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Specializing in custom jackets, coats and scarves woven on hand looms.

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©2017 by The Oregon Weaver | All Rights Reserved

P. O. Box 455 | Pacific City, OR United States 97135

the Fabric Weaving Process

How Handwoven Fabric is Made

Learn how artist Karen Gelbard creates the multi-faceted colors that make up her beautiful textured fabrics.

 

 

How do you make woven material?

I often get asked about my process. Materials and ideas come together and result in a finished piece. There are many decisions that are made along the way. The picture below, Editorial in Grey, is a photo editorial of my creative process. It starts with the yarn, then fabric and textures lead to the finished piece. 

 

 

How would you portray your creative process?

It starts with color. I design a colorway and plan for 100 yards. From this warp, I can create different fabrics that are related to each other by the warp colors. Once the fabric is off of the loom, it is washed and dried. The fulling process allows the fabric to bloom. I roll the fabric out on my 8-foot cutting table and determine where to layout the pattern pieces. Sometimes, stripes are at one end of the yardage for the yoke of a jacket, but the sleeves must be cut at the other end of the yardage. The pattern pieces are of my own design. I assess the variables in my customer’s figure and adjust the pattern for a custom fit. I design for real women of all shapes and sizes.

 

 

What do you find a more challenging task?

Chenille fabric is a challenge to weave and sew. My goal is to make a garment that will last, so I take the time to cut, serge, stabilize, understitch and hem. All of this work is in the foundation of the garment. The end results is a well-made, soft comfortable garment.  

 

 

What have you added to your design mix recently?

Recently, I have acquired a new tool in my studio. It was made to do one thing but I saw the potential to use it in another way. This innovation has allowed me to develop a signature technique that is found in my “Ruffled Edge” series. It is a design detail that coordinates with the handwoven fabric to create a unique look.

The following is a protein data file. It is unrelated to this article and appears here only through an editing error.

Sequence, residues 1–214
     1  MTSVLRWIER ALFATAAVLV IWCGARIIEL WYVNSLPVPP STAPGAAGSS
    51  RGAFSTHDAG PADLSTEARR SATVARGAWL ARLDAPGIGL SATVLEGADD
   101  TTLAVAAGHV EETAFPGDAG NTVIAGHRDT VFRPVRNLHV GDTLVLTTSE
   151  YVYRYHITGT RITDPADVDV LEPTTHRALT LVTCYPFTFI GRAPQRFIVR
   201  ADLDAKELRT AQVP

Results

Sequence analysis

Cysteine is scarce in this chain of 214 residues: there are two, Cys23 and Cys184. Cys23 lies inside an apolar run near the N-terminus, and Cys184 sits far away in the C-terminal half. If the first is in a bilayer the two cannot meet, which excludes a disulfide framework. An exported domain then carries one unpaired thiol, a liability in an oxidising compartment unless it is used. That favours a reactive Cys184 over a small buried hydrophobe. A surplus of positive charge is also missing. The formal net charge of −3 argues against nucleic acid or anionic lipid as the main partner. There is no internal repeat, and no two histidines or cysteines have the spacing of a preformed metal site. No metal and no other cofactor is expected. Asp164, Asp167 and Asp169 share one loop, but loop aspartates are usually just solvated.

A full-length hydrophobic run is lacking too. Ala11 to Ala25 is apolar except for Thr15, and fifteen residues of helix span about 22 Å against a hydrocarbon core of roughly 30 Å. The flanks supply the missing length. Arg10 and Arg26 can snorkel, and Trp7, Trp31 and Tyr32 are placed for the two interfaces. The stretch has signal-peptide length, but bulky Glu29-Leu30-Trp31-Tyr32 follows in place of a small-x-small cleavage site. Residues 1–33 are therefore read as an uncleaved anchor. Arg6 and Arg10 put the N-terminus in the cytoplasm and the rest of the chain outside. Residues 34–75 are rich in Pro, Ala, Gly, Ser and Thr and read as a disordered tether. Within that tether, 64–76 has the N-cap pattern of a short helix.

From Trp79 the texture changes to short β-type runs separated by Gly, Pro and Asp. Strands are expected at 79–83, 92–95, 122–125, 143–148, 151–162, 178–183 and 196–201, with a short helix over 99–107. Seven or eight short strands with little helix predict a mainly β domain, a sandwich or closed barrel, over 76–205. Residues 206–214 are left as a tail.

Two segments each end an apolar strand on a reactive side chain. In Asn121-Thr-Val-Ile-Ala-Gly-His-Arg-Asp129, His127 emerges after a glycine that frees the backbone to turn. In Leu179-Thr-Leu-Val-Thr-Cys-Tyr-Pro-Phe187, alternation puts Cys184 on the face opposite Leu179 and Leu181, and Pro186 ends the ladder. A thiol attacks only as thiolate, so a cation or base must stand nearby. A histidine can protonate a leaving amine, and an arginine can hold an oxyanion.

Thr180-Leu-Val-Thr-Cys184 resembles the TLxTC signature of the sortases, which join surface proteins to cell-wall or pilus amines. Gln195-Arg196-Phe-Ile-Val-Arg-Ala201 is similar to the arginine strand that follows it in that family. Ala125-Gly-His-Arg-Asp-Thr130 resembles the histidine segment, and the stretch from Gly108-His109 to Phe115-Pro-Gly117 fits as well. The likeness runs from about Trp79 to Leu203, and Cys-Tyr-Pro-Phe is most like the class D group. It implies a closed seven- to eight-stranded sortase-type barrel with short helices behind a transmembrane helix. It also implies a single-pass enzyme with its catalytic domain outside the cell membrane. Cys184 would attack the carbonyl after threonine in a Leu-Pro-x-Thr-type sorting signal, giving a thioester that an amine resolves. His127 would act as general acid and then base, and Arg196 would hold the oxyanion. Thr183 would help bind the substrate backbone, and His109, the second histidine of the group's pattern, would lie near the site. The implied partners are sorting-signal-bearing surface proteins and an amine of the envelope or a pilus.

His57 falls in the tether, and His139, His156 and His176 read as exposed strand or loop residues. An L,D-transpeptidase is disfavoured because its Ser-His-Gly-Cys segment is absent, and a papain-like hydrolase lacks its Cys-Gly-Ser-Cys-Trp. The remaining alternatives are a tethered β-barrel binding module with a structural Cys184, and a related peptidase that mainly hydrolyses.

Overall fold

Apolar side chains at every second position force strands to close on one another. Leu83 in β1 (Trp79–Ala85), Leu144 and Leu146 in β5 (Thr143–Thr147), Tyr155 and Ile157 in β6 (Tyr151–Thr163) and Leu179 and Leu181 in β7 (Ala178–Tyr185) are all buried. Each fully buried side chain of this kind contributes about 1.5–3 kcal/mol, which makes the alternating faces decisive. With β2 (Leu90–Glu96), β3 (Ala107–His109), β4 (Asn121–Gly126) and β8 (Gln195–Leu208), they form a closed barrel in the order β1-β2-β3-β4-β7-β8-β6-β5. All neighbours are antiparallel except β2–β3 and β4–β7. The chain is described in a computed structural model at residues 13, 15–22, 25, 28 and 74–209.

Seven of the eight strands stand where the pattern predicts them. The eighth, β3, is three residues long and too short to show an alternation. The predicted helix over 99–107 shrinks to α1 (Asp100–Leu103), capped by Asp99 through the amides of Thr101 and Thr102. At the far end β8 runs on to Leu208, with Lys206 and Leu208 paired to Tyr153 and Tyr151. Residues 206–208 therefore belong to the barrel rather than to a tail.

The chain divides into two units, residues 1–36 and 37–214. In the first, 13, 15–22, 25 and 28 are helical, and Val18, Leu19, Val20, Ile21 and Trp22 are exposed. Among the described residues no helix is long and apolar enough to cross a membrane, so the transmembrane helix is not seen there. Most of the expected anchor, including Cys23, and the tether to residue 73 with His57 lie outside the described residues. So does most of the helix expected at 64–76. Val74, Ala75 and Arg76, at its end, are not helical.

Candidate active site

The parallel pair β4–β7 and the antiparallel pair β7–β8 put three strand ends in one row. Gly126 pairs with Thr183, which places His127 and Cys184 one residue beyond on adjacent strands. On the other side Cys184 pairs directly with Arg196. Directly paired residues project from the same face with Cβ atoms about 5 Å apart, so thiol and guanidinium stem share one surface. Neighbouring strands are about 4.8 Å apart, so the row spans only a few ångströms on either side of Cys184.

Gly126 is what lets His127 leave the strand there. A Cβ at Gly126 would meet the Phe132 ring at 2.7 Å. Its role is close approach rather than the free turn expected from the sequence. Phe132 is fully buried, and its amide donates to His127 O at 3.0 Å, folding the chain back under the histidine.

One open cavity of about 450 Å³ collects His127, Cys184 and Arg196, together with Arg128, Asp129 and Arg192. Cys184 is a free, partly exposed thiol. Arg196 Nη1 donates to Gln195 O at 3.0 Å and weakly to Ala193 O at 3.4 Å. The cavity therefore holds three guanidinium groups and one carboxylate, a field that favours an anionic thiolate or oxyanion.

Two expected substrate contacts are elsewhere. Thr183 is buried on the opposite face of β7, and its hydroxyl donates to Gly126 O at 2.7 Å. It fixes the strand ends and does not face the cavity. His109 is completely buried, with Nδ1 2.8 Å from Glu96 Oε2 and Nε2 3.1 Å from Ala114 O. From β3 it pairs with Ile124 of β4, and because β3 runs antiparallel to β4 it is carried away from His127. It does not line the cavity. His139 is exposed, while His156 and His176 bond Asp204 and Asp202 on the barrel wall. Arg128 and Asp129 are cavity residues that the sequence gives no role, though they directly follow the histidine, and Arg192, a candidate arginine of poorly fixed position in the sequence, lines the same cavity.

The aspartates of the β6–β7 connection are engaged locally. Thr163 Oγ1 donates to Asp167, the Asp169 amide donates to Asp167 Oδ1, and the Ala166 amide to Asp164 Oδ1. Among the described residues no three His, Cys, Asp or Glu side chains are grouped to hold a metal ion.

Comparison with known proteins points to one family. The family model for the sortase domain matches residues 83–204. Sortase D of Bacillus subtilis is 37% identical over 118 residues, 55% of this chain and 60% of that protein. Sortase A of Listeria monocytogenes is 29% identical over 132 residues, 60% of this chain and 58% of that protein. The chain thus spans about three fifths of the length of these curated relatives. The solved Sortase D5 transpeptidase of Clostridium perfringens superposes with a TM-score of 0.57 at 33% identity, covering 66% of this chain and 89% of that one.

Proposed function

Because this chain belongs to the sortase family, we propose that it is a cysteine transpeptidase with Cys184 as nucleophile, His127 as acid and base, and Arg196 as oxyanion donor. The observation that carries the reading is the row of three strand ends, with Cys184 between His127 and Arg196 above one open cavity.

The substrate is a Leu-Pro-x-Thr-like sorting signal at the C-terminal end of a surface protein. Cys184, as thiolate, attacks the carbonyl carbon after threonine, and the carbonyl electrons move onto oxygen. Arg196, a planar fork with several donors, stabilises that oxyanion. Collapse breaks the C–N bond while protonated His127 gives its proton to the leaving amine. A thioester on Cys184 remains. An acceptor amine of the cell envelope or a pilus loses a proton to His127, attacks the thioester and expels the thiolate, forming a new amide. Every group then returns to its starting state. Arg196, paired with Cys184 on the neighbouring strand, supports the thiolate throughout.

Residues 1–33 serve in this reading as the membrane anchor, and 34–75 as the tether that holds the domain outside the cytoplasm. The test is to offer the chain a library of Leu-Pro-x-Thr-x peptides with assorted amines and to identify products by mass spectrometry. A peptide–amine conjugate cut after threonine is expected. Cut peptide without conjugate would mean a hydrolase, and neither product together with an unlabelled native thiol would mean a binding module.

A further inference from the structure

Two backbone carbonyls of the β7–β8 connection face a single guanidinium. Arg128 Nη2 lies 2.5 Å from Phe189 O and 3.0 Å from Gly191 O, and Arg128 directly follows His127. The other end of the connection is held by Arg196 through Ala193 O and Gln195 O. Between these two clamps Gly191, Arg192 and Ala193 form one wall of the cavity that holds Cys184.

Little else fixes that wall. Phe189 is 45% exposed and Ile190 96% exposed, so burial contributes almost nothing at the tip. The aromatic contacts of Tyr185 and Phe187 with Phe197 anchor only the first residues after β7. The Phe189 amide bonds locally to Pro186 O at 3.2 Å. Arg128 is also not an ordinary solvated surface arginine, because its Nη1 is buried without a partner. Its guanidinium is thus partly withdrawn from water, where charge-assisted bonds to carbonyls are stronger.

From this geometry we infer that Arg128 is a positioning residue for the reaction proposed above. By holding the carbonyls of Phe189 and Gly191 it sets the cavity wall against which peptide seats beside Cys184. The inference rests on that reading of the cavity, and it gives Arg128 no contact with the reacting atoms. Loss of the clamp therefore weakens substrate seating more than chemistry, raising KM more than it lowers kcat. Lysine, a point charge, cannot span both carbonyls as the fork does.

In 2017, I collaborated with quilter, Denise Clausen. After sketching, sampling, discussion, layout strategies and long arm quilter restrictions, we have figured out how to quilt my fabric. Learning how to do free-motion quilt adds another fiber technique to the handwoven cloth. Now I can draw with stitches. I use motifs that suggest living by the ocean.

 

 

What can you share about how you see colors?

The scarves and shawls I weave are warped by hand on a warping board. Color thoughts stream from my mind/eye/brain to my hands as each thread is measured out. The color transitions blend across the warp in a painterly way. It takes longer to wind a warp this way, but it allows me to build a color story. Sourcing materials is the hardest part of my process. I search for quality materials and for color, too. Many family owned mills in this country are now closed. I have learned how to achieve the color I want by using small threads side by side to achieve the color depth I require.

 

 

What equipment would someone find in your studio?

In my studio, there are 12 pairs of scissors, 3 sergers, three sewing machines, and 4 looms. With these tools, I weave, cut, sew and design.

Editorial in Grey shows the creative process.

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